How to Avoid Scam ICOs
Scams date since the early days of the Internet. Just a brief Google search will bring you millions of results. And while some people make mistakes, there are others who make huge amounts of cash off it. Where there’s money, there are scams. And with the recent ICO hype — more so than ever.
Currently, there are over 1,000 ICOs and to conduct due diligence on each of them would be incredibly time-consuming, even for an experienced analyst, let alone a novice investor. And while nothing beats high-quality due diligence, being aware of several immediate red flags to steer clear of bad ICOs or scams can be really helpful.
Anonymous Team or Team that Has Little or No Experience
Getting to know the team behind an ICO is probably the most crucial element when you’re doing your due diligence.
A definite red flag is a completely anonymous team. If that’s not the case, you should also be cautious about the team’s leadership and whether they have the experience required to run a project in that specific domain.
LinkedIn is regarded as the #1 professional platform, so every investors should contact every team members directly.
Bold Claims and Unrealistic Goals
Scam projects typically have unrealistic goals and are characterized by extremely bold claims about their core product, even though the said projects have nothing new or disruptive to offer.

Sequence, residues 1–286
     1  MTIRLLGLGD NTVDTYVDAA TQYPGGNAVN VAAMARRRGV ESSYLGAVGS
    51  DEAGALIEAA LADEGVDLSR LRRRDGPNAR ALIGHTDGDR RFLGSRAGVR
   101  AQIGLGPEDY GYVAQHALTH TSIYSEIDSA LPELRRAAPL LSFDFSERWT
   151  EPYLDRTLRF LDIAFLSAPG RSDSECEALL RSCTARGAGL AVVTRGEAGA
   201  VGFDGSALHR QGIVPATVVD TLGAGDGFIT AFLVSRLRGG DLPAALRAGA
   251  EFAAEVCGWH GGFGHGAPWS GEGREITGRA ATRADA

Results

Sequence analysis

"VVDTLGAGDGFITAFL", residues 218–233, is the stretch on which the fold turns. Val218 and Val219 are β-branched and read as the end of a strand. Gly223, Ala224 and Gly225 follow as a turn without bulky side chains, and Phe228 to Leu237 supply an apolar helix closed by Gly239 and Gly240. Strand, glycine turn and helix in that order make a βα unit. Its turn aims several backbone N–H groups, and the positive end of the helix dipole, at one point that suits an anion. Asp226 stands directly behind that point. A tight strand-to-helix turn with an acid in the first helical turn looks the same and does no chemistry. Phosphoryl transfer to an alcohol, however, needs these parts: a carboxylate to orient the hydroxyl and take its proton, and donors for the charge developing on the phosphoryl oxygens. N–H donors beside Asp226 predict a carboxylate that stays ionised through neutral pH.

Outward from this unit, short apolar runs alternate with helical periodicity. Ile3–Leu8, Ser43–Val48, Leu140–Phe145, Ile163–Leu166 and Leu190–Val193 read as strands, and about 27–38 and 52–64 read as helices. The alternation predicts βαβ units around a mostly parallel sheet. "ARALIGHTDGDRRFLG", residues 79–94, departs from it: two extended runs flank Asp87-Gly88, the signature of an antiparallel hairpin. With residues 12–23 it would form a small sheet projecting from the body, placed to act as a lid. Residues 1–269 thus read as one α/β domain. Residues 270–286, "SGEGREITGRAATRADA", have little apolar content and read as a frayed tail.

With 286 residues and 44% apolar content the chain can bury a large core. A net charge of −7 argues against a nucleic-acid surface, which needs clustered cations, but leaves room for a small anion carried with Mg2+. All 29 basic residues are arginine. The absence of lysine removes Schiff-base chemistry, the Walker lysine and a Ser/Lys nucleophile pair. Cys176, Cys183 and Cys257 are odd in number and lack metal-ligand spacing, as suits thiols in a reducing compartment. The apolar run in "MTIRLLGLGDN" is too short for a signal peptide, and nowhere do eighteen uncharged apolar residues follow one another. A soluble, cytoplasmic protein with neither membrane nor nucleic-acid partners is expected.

Avoid ICOs that promise to tackle things like ending poverty, bringing a fix to global warming, or even replacing Bitcoin. If the ICO in question has that potential, its developers will never promise such things. They’ll just let you know about the project’s potential, and that’ll be it. No serious development team will ever predict its token price or claim to fix world issues.
No Code Repository
Some regard this as “Code Is Law”. Be it Github or Sourceforge, the ICO project should provide a link to its code. If there is none, that’s an immediate red bell ringing in your head. Even if there’s a link, make sure it’s genuine and not merely a clone of another project with just a few cosmetic changes in the code lines.
A Referral Program with Levels in Place
As soon as you see a referral program that has a pyramidal structure with different levels, that should be an instantaneous sign that something’s stinky. Steer clear of ICOs that have this kind of referral program. Most probably that’s a scam.
Real Working project(MVP)
If there is working MVP(Minimum Viable Product) project already, investors can believe that team’s performance and their ideas.